Research Suggests Yahoo’s Banning of Working from Home is a Mistake

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The debate over the benefits of working from home versus working in the office are a hot topic in social media. Especially after the Chief Executive of Yahoo, Marisa Mayer, decided to call back her employees who work remotely and to relocate them to company offices. Mayer is concerned that the speed and quality of work is sacrificed when working from home. But her employees felt that the CEO’s decision is wrong and bad for morale. Research suggests they could be right, and that allowing people to work from home can actually raise productivity.

One such study on working from home was conducted at Stanford University and Beijing University in which they found out that most call center workers who work from home took fewer breaks and actually worked more.

According to the report from Census Bureau, there are 13.4 million people who worked at least once in a week at home in 2010, compared to 9.2. million people, or 7% of U.S. workers, in 1997. The big shifters are people who are working on computers, engineering and science.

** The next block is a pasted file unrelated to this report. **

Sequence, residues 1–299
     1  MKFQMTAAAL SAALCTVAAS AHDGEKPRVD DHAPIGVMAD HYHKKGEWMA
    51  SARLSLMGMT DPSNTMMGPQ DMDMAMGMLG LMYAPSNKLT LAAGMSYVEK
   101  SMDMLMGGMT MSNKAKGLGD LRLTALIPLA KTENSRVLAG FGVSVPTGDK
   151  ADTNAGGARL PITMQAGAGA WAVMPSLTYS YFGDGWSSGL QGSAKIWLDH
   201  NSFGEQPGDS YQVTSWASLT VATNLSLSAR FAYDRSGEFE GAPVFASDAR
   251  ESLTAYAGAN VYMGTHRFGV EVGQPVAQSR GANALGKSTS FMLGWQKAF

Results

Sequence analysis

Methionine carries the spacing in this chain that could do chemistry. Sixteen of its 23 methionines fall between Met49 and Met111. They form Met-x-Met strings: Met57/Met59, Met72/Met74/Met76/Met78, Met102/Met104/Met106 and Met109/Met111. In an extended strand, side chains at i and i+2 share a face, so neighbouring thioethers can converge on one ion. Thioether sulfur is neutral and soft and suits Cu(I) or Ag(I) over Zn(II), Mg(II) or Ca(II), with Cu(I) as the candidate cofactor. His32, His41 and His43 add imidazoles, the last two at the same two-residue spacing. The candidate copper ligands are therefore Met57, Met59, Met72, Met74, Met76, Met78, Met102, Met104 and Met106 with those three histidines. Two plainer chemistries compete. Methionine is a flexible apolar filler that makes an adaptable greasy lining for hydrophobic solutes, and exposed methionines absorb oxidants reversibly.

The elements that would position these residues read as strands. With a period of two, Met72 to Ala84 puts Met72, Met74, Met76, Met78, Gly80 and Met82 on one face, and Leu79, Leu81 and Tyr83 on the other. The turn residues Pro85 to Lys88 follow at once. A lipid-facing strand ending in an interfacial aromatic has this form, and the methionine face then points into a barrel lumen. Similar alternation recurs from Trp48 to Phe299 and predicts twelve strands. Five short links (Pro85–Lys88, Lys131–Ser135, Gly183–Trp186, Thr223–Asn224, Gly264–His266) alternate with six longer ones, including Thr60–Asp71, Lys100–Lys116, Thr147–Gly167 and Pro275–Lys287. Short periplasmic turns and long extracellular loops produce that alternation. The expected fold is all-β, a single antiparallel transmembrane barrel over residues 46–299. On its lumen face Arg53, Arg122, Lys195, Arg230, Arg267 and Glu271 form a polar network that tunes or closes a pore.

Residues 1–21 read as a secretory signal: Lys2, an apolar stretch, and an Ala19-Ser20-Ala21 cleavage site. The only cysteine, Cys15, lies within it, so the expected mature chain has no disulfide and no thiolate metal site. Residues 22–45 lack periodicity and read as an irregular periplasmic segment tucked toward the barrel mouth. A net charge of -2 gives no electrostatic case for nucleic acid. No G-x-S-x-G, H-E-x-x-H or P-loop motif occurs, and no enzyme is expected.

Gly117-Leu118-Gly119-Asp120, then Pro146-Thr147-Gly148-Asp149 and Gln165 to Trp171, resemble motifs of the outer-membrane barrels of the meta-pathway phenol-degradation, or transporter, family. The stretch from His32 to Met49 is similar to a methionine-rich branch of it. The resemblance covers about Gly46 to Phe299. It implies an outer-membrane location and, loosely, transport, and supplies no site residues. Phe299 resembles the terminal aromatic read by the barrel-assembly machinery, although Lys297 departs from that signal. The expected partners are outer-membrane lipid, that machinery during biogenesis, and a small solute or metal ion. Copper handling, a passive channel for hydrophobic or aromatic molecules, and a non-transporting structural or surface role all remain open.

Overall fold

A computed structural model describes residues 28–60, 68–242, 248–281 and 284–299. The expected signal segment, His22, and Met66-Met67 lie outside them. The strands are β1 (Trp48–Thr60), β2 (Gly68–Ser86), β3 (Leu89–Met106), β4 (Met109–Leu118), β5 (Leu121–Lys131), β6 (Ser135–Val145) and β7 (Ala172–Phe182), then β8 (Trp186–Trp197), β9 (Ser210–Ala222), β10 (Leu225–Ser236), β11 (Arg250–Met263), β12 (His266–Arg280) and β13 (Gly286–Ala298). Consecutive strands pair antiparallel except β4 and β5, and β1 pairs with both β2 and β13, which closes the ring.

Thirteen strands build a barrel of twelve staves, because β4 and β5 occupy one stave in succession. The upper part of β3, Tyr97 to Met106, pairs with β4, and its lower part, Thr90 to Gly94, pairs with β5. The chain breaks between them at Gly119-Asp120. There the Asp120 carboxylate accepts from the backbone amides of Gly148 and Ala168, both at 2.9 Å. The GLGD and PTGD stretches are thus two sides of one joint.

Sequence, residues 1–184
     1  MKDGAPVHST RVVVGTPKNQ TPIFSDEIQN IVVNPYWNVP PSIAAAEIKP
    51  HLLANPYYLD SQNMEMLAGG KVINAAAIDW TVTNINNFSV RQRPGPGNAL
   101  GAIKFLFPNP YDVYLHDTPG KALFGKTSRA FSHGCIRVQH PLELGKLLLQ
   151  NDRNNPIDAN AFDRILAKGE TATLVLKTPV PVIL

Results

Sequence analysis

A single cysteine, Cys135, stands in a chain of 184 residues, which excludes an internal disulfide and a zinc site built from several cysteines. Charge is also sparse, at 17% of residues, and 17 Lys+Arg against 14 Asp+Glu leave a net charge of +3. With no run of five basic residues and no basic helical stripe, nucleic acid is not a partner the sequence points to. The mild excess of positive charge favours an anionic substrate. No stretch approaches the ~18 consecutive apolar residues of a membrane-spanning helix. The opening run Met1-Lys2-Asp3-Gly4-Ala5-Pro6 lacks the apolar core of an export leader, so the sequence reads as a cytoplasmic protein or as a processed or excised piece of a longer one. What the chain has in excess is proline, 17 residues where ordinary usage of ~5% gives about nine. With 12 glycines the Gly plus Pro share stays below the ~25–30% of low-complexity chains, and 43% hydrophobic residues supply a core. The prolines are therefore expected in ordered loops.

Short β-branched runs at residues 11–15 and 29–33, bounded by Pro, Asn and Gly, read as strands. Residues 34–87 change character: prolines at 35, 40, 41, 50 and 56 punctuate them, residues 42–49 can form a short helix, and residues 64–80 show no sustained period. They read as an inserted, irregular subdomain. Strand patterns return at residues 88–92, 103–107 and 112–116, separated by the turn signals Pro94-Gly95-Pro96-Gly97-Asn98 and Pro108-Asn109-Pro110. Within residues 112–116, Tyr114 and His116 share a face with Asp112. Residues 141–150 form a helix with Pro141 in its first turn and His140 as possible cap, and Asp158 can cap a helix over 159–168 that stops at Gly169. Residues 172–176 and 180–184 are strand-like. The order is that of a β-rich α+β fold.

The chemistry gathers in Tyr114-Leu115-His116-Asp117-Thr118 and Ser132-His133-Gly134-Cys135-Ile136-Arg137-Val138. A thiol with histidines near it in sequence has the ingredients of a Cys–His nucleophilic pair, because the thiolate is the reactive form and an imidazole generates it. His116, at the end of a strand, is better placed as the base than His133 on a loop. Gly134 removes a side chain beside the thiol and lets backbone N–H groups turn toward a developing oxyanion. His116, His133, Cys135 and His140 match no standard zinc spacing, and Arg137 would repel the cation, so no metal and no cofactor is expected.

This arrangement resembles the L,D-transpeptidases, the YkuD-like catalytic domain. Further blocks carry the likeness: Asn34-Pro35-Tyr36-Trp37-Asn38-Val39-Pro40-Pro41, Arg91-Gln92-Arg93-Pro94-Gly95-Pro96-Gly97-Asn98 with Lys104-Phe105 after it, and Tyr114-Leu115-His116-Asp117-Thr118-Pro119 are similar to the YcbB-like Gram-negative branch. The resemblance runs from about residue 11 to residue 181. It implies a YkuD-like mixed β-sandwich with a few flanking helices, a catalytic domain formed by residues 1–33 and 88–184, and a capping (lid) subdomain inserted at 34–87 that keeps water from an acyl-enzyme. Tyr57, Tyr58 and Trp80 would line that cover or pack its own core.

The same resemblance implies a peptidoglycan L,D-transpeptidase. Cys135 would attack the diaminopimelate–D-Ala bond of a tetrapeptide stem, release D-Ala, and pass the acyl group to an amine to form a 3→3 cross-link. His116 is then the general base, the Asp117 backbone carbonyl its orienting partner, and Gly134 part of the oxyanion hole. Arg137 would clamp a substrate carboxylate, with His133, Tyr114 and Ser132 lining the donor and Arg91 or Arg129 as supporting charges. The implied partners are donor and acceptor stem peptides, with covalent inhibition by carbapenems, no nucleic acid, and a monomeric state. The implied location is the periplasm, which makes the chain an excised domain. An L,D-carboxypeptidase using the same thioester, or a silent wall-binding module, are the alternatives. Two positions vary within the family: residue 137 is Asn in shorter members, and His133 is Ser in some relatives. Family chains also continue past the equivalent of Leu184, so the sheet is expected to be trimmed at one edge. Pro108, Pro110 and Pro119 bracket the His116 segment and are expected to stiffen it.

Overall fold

According to the American Community Survey, the number of these employees working from home or a couple of days from home have jumped to 70% from 2000-2010. Along with the surveys are the positive feedbacks that most companies receive from its remote employees. A 2008 study conducted by Cisco Systems Inc. found out that employees who have given the chance to work from the comfort of their own home have dramatically experienced an increase in their quality of life.

Employers need to create the tools and environment for encouraging home based workers to be productive

Is working from home the wave of the future? Or does it diminish the productivity and the efficiency of remote workers?

A lot of remote workers would say that they are way more efficient at home as long as they meet their clients requirements and able to turn over quality work as expected of them. But I think working from home is not for everyone. For outgoing people the idea of working at home might appeal to them at first, considering the amount of time and money you save from commuting and uniform expenses. But they would probably not get a hold of it in the long run.

Most people who have extroverted personalities will always miss the office banter and company of their colleagues. So, for those who are planning to work from home, weigh first the pros and cons. But for the ones who like to work alone, remote working is the right place for you.

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